According to another embodiment of the present invention, the controlling means comprise pulse generator means providing voltage pulses superimposed on said energizing voltage.

It will be appreciated that a pulse generator as mentioned above provides another means of controlling the displacement current in the process. In particular, the pulse generator means may be controlled such that during plasma generation the second derivative over time of the absolute value of the energizing voltage has a negative value.

According to another embodiment of the present invention, the plasma comprises a plasma pulse having an absolute pulse maximum and said displacement current is controlled by controlling the energizing voltage such that a relative decrease of the displacement current is provided before the pulse maximum. It has been observed that during plasma generation before the pulse maximum, conditions are such that plasma instabilities may easily develop. This is in particular the case during and just after breakdown of the plasma. Therefore, according to another embodiment of the present invention said relative decrease of the displacement current is synchronized with the onset of the plasma pulse.

In this embodiment of the invention, a matching coil having a relatively large inductance and a relatively large saturation current can effectively be applied for stabilizing the plasma. The properties of the unsaturated coil, as explained above, are such that as a result of Lenz Law (the inductor counteracting its flux changes) can effectively be used for providing the decrease of displacement current at the occurrence of streamer formation. It will be appreciated that a suitable choice of the properties of the inductor, such as the inductance, is dependent on the desired plasma properties for cleaning; which is again dependent on the substrate surface.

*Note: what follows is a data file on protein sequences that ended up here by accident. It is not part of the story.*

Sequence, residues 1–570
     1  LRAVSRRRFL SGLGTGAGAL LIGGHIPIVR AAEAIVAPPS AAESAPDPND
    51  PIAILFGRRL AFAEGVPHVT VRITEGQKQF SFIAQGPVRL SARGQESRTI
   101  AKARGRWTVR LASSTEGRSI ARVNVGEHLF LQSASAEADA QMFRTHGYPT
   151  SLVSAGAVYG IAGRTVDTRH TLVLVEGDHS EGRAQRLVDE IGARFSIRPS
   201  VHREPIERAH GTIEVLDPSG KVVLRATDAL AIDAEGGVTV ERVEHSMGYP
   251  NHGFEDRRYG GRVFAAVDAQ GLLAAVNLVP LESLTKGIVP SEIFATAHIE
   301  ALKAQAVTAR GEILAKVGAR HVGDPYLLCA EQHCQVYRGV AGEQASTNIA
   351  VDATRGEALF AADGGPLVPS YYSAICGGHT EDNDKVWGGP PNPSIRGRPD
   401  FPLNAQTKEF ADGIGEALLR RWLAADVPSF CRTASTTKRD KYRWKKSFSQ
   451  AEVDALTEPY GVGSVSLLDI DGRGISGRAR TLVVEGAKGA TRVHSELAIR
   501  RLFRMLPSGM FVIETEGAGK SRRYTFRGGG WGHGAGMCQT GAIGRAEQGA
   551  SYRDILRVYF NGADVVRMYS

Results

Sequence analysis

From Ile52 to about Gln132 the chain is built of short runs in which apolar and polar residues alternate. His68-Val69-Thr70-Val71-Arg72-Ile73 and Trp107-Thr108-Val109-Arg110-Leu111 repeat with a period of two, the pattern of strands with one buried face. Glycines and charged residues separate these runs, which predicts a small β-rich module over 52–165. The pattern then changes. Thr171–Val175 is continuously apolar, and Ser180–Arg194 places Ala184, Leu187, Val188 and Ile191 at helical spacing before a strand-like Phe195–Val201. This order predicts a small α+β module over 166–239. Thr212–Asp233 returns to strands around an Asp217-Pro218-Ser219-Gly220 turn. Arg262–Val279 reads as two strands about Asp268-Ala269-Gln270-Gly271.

According to another embodiment of the present invention the plasma comprises a plasma pulse having an absolute pulse maximum, and the displacement current is controlled by controlling the energizing voltage such that a relative decrease of the displacement current is provided after the pulse maximum. Although instabilities may occur at any time during generation of a plasma, it has been observed that the circumstances at the end of a plasma pulse are beneficial to the occurrence and development of instabilities. At the end of the plasma pulse, the plasma current is relatively low while the voltage applied to the AC-power supply increases due to the fact that the AC-power supply tends to recover from the main plasma pulse. The life cycle of the plasma is approaching cut off in this stage of the plasma and the plasma current will decrease sharply, after which small instabilities and plasma variations may occur. Under the influence of the increasing voltage resulting from the recovering AC-power supply, these small instabilities and plasma variations may easily develop in major plasma instabilities, such as streamer formation and glow to arch transition. On the other hand the relatively low and decreasing plasma current in combination with the increasing voltage, make it difficult to suppress or eliminate the instabilities by controlling the displacement current. A solution to this problem is provided, according to an embodiment of the present invention, as will be described below. Note that the major plasma instabilities that occur in this stage of the plasma will jeopardize the homogeneous treatment of the surface to be cleaned and may result in local surface modification as a result of the locally high plasma current.